Indian Tribes of the United States Letter O-R

From the Index of the Presidential Messages and Papers 1789-1897
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Ojibwa, or Chippewa, Indians

A large tribe of the Algonquian stock of Indians. In the early history of the country their hunting grounds were along the shores of Lakes Huron and Superior and across the State of Minnesota into the mountains of Dakota. Their name means "A puckering up," and is variously contended to refer to a puckering of the lips in speaking or drinking, a peculiar seam in the moccasin, and the appearance of the flesh of roasted victims. They were known by the early French explorers as Saulteurs ("People of the falls"), having been first met with at Sault Ste. Marie. They were connected in a loose confederacy with the Ottawas and Pottawatomies and known as the Three Fires. After learning the use of firearms they greatly extended their territory by successful wars upon the Sioux, Foxes, and Iroquois. They joined Pontiac and were allies of England in the Revolution. They also participated in the Miami uprising. The Ojibwas ceded lands on Lake Erie in 1805. They again broke out into hostilities in 1812, and by the peace of 1816 relinquished all their lands in Ohio and retreated westward. By 1851 the remainder of the tribe in the United States was west of the Mississippi River. They now number about 30,000 in Canada and the United States, about one-half in each.

Omaha Indians

A tribe of the Dhegiha division or confederacy of the Siouan stock of Indians. The name means "Those who went against the current." In 1815 and 1820 they ceded lands at Council Bluffs to the whites. In 1825 and 1830 they made similar treaties. In 1854 they gave up more of their lands and removed to a reservation in northeastern Nebraska. They number about 1,200.

Oneida Indians

A tribe of the Iroquois stock of Indians. They formerly occupied lands east of Oneida Lake, N.Y., and the head waters of the Susquehanna River to the south. The name means "Standing stone" or "People of stone." They usually acted independently of the other Iroquois and were not prominent in the confederacy. The early French settlers, with whom they were generally friendly, called them Oneiout. They took part with the Colonies in the Revolution. For this the British destroyed their villages. By a treaty in 1794 the Government made compensation for their losses. In 1785 and 1788 they ceded lands to New York State. In 1833 most of them removed to Green Bay, Wis., where they still remain, and others went to Canada. They number about 3,000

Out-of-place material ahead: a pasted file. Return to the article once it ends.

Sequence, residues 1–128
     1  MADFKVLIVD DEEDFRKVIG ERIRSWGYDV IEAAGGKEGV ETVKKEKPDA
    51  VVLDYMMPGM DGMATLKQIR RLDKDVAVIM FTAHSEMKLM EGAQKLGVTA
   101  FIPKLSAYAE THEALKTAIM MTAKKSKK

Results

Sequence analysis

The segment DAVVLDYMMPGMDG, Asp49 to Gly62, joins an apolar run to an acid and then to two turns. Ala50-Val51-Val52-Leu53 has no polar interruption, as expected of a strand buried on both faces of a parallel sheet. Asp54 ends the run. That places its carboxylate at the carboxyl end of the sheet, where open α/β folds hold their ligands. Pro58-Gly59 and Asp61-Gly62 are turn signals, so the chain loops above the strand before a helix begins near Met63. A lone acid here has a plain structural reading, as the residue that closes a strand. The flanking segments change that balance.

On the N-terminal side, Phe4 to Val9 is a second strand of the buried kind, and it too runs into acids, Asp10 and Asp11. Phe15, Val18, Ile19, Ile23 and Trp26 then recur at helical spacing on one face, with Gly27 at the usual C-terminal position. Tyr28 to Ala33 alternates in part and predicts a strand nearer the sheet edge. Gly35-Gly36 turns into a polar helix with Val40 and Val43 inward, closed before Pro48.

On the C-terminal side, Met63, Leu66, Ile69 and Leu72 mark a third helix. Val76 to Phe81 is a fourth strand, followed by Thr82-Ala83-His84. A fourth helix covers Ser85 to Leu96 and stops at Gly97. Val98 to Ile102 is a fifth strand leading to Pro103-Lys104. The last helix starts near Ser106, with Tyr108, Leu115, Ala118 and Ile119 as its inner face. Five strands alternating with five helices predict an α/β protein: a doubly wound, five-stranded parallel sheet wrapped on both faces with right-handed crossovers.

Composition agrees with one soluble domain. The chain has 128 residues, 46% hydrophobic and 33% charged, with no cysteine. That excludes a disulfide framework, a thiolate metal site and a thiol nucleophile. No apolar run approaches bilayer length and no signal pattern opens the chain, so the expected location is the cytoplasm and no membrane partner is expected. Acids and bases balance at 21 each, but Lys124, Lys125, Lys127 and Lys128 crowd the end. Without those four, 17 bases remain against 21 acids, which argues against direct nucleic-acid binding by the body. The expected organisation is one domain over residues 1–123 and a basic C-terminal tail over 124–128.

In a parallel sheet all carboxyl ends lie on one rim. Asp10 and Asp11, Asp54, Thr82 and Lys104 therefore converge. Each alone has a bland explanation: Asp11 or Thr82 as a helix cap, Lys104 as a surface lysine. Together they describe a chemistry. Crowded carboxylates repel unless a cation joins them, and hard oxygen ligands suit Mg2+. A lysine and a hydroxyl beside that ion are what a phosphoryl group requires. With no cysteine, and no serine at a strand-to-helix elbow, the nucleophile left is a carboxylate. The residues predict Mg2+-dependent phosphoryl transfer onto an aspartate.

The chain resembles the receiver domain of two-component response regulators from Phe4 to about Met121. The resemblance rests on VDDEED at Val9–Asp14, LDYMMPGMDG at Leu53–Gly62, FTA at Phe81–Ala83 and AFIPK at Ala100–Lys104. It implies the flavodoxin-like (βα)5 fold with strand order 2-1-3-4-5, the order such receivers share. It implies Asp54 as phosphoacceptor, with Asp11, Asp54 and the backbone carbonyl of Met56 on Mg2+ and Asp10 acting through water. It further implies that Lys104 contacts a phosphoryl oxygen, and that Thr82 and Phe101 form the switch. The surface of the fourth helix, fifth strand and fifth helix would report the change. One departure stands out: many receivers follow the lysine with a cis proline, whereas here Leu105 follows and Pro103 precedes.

Onondaga Indians

The leading tribe of the Iroquois stock of Indians. Their original hunting grounds were along the shores of the creek and lake in New York which bear their name. They claimed all the country between Lake Ontario and the Susquehanna River. The name is translated to mean "On the top of the mountain." In the councils of the Iroquois confederacy they were called by a name meaning "They who keep the council fire." They fought on the side of the British in the Revolution and in the French Wars. In 1788 they ceded all their land to the State of New York except a small portion, which they still hold. They number about 900.

Osage Indians

A tribe of the Dhegiha confederacy of the Siouan stock of Indians. They are divided into the Great or Highland Osage and Little or Lowland Osage, respectively referring in the native tongue to those who camped at the top of the hill and those who camped at the foot of the hill, "wacace" in the Siouan language denoting a camp on a hill. This has been corrupted into Osage. Through wars with the whites and Indian tribes of their own stock they were driven southward into Arkansas. In 1808 they ceded lands to the Government and made further cessions in 1815, 1818, 1822, 1825, and 1839. At the beginning of the Civil War about 1,000 of them went to the Indian Territory, and in 1865 and 1868 treaties were made looking to the removal of the remainder of the tribe. The last of their lands was ceded in 1870 to the Government and they went to their reservation in Oklahoma. They number about 1,600.

Ottawa Indians

A tribe of the Algonquian stock of Indians. The Ottawas were first found along the Upper Ottawa River, in Canada. They were steadfast allies of the French. In 1646 they suffered defeat at the hands of the Iroquois and were driven westward along the southern shore of Lake Superior. In the early part of the eighteenth century the Ottawas established themselves about the site of the present city of Chicago, whence they spread in all directions. In 1763 they combined with other tribes in the South and West in an unsuccessful move against the English. During the Revolution they aided the British. They signed treaties in 1785 and 1789, but joined in the Miami uprising soon afterwards. They again made peace in 1795. Numerous treaties ceding territory to the United States followed, and a part of the tribe went South of the Missouri and soon lost their identity. Some of those living in Ohio migrated to the Osage country in 1836. In the same year the Michigan Ottawas ceded all their lands except reservations. In 1870 those in the Southwest were collected in the Indian Territory. They number about 5,000.